Other Notes

It was a one day shoot and two day edit.

For those interested, it was shot on the Sony PXW X70 in AVCHD mode.

The interview lighting was done with 2 LED Flexlites which I reviewed in this blog. The ‘kick’ you see on the side of their faces would appear to be from the background windows, but was actually created by one of the Flexlites dialed way down. The frontal fill was another Flexlite opposite the backlight. Fill was simply ambient light in the room with the intensity of the key light being set to achieve a 2 1/2:1 contrast ratio with the ambient fill.

Edited on FCPX. Color balanced with Color Finale.

Oh, and did anyone notice I added the sky, clouds and sunbeams to the opening shot? (it was a lousy day in Leicester that day)

The following video was directed and produced by Leapfrog Marketing (Alan Myers – 0116 278 7788) in association with The Video Whisperer.

And just for a bit of fun, here’s the video I did for my wife with the same music:

Corporate Video Sample

(originally published on the Run and Gun Videography Blog)

In the book Run ‘n Gun Videography–the Lone Shooter’s Survival Guide I went into some length to describe an atypical approach to shooting corporate videos which I’ve done successfully for several years now. In short, it’s a method of deriving the narrative content (or script) from an interview.  And it does take some knowledge of how to do an interview.

Anyway, I recently completed a 2 day shoot from which I produced 11 different videos. This company produces a diverse range of product protective covers as well as cotton bags and what was wanted was an overall video for the site’s home page or ‘about us’ page, several short narrated demonstration videos on their best selling products and a few more narrative driven ones, also on their best selling lines.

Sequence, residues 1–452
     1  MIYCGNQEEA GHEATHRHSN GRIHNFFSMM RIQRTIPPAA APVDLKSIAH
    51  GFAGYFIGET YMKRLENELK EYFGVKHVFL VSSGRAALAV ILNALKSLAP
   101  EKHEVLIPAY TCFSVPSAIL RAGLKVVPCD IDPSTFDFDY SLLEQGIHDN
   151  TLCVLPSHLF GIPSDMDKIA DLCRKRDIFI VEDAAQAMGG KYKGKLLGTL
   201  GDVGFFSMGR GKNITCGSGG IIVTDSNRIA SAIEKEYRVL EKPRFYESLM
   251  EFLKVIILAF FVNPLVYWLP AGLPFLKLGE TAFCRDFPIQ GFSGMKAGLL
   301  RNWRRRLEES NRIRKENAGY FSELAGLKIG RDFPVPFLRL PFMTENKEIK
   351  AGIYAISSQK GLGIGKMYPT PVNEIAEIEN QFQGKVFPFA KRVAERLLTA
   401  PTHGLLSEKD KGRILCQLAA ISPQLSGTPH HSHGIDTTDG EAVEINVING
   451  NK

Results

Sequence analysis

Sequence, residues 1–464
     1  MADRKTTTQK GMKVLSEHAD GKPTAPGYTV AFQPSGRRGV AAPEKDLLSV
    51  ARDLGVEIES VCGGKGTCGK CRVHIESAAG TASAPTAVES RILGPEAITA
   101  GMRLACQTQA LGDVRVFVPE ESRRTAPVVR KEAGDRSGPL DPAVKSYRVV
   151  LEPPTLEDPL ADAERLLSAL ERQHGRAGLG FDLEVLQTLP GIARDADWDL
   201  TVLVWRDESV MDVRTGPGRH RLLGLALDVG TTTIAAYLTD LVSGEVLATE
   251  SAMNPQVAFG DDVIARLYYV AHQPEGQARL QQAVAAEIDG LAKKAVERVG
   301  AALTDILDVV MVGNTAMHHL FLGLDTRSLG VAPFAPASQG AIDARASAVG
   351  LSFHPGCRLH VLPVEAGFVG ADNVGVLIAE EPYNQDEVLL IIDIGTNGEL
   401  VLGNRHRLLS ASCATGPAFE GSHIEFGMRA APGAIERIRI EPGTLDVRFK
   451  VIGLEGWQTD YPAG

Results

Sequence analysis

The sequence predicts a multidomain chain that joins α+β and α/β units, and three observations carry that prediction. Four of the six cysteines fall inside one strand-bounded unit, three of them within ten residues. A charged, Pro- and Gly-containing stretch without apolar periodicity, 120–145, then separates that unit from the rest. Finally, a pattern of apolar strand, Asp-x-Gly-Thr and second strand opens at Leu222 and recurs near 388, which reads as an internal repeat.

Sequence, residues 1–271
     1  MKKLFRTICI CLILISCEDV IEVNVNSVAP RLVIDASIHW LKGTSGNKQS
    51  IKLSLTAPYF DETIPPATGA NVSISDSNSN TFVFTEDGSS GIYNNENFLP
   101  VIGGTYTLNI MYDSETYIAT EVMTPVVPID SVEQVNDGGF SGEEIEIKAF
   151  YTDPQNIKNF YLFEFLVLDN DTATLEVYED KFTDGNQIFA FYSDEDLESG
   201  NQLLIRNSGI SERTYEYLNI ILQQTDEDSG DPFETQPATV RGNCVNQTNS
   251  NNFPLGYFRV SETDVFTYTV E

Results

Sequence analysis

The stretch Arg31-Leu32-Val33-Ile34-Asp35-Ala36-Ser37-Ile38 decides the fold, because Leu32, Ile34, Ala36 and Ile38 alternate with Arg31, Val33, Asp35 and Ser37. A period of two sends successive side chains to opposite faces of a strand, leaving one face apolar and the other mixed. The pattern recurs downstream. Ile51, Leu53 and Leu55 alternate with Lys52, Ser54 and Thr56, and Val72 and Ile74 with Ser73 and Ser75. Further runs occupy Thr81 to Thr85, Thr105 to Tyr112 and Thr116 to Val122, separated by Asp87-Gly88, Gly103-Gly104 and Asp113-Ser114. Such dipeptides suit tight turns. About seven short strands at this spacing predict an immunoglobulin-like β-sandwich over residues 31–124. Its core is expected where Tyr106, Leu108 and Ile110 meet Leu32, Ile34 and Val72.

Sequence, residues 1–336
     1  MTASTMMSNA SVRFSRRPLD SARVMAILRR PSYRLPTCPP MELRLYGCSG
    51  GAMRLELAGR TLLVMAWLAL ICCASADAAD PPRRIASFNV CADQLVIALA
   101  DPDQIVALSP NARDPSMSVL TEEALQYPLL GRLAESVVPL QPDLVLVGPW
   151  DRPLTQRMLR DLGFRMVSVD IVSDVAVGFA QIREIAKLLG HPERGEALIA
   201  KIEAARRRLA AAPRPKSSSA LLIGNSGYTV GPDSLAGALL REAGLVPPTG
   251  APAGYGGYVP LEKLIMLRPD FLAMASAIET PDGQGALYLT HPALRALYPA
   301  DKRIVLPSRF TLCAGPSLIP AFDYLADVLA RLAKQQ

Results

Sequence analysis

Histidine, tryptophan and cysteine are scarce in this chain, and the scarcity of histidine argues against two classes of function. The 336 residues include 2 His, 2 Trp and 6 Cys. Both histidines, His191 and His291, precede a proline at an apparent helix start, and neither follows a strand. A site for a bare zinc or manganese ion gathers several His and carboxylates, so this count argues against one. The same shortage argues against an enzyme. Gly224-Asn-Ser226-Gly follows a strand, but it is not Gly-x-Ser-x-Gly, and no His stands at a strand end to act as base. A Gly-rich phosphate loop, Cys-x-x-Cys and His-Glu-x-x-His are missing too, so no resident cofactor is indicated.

The sample I’m showing here is one of the latter.

This series is now one of my favorites, and the reason is that this guy was so likeable and sincere, even self-deprecating, which, oddly enough, is perfect for the UK audience which responds better to soft-sell than hard-sell.

Even he was very nervous about the whole being on camera thing and I really had to twist his arm. But he was so easy to talk to that he easily forgot about the camera and just continued to be his normal, likeable self. This, and several other short videos like it, was produced from only about 40 minutes of interview, and like any other narrative script derived from an interview, it was pieced together to create a seamless narrative even though it wasn’t recorded in the order you will hear it.

Now maybe this isn’t fair, but in the process of uploading his videos YouTube offered up some ‘related videos’ which are some of his competitors.

I’m including a couple samples–the first which I think is rather typical and the second which is simply a home-made video for a business. Please do not comment or do anything to criticise them. Rather just notice the differences and learn something from them. This is why I wrote the book Run ‘n Gun Videography–The Lone Shooter’s Survival Guide.

https://www.youtube.com/watch?v=leT4TveP6Nw

https://www.youtube.com/watch?v=Wcf2oCXSc4E

Now, to be honest, despite what I wrote in the book, it isn’t always as easy as I describe.

The project previous to this one was an example. Very nice guy, but very self-conscious. Though I managed to break him out of it part of the time, I had to use interview material that was a bit more stiff in places, including the beginning. That one was a 12 minute video meant to replace his frequent need to take clients and brokers on 90 minute tours of the factory. It was a 2 hour interview, which tells you how difficult it was. Most of the time he was covered by B roll and for those moments he was in good form I’d bring him back on screen so you could see the passion and get a feel for the continuity of his talk (which was really created from 2 hours of interview to appear to be a seamless 12 minute talk). If you ever wanted to know how coal briquettes are made that video is last on this page. It’s titled and tagged so as to not come up on searches for that company, and is offered here only for education purposes in the context of this post.